Wednesday, May 22, 2013

Epstein on the IRS and more

Richard Epstein has a lovely essay, "The Real Lesson of the IRS Scandal" As lots of commentators left and right are realizing, this kind of outcome is baked in to our regulatory system. A small excerpt:
The dismal performance of the IRS is but a symptom of a much larger disease which has taken root in the charters of many of the major administrative agencies in the United States today: the permit power. Private individuals are not allowed to engage in certain activities or to claim certain benefits without the approval of some major government agency. The standards for approval are nebulous at best, which makes it hard for any outside reviewer to overturn the agency’s decision on a particular application.

That power also gives the agency discretion to drag out its review, since few individuals or groups are foolhardy enough to jump the gun and set up shop without obtaining the necessary approvals first. It takes literally a few minutes for a skilled government administrator to demand information that costs millions of dollars to collect and that can tie up a project for years. That delay becomes even longer for projects that need approval from multiple agencies at the federal or state level, or both.

The beauty of all of this (for the government) is that there is no effective legal remedy. Any lawsuit that protests the improper government delay only delays the matter more. Worse still, it also invites that agency (and other agencies with which it has good relations) to slow down the clock on any other applications that the same party brings to the table. Faced with this unappetizing scenario, most sophisticated applicants prefer quiet diplomacy to frontal assault, especially if their solid connections or campaign contributions might expedite the application process. Every eager applicant may also be stymied by astute competitors intent on slowing the approval process down, in order to protect their own financial profits. So more quiet diplomacy leads to further social waste.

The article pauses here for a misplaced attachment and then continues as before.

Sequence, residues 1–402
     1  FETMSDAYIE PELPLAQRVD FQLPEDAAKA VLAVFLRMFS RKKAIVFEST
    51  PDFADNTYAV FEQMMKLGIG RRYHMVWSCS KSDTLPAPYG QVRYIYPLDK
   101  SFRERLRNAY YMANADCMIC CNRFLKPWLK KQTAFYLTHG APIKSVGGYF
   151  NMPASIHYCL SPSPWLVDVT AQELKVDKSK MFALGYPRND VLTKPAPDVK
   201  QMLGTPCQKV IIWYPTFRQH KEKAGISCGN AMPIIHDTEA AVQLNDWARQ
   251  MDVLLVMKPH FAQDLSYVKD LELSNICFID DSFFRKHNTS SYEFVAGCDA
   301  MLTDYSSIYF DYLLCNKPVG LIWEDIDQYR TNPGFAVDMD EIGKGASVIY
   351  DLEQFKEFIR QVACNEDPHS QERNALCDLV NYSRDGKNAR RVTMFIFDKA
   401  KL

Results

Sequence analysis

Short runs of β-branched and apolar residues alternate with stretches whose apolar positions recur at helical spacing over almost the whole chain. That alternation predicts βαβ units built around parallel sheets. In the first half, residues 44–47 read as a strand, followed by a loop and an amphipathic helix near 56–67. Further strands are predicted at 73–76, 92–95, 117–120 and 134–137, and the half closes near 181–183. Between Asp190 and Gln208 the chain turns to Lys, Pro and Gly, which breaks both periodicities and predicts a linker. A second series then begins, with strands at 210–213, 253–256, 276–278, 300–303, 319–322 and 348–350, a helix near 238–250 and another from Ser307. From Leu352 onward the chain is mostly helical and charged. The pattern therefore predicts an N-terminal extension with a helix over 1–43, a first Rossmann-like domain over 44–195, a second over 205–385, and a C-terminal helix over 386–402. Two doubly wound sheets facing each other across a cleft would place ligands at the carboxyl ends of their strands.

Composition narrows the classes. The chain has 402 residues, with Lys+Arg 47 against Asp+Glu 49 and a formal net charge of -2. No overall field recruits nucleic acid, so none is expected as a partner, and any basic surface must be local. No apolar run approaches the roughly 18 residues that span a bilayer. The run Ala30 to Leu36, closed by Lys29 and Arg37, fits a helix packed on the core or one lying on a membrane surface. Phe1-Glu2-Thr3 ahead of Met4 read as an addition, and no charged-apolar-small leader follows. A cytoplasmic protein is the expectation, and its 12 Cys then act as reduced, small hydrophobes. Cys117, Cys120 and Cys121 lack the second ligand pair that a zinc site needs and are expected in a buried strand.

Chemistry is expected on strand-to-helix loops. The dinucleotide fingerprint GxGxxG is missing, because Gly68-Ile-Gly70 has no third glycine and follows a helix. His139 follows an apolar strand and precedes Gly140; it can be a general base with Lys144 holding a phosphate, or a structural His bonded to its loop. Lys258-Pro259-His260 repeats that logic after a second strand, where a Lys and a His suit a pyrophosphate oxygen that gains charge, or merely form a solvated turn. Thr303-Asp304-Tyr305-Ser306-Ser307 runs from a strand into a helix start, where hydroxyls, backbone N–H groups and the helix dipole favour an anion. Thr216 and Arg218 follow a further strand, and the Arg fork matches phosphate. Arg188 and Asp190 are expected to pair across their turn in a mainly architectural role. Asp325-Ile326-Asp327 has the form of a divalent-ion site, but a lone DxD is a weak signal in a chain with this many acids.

Richard goes on to skewer the FCC, the EPA, and the FDA. The fight over approval of liquid natural gas exports, which Richard doesn't mention is a perfect example.

I think the point is larger still. The ACA (Obamacare) under Health and Human Services and financial regulation under the Dodd-Frank act are even more stark instances of the phenomenon.  The regulations are immense, vague, contradictory, and demand discretionary approval by regulators.  For a company to speak out against those acts is very dangerous.

India's sclerosis was once described as the "permit raj." That describes our future well.

But at least Americans are still outraged at this sort of thing. At least, unlike most other over-regulated countries, regulatory discretion is still traded for political support, not suitcases full of cash. However, what Epstein makes clear is, a witch-hunt at the IRS won't solve the problem.

The larger answer here seems pretty clear to me too. Why do we have tax-exempt status for any political groups? Actually, why do we have tax-exempt status for any groups at all? It's easy to be a non-profit -- just don't make any money.  When you look at what a lot of "non-profits" do, how efficiently their money is used, the idea that we should be subsidizing most of them seems pretty silly. If we chucked out the whole tax-exempt business entirely, and allowed people to give money to any group they feel like giving it to without tax preference one way or another, the whole temptation for the IRS to hand out this subsidy in nefarious ways would vanish.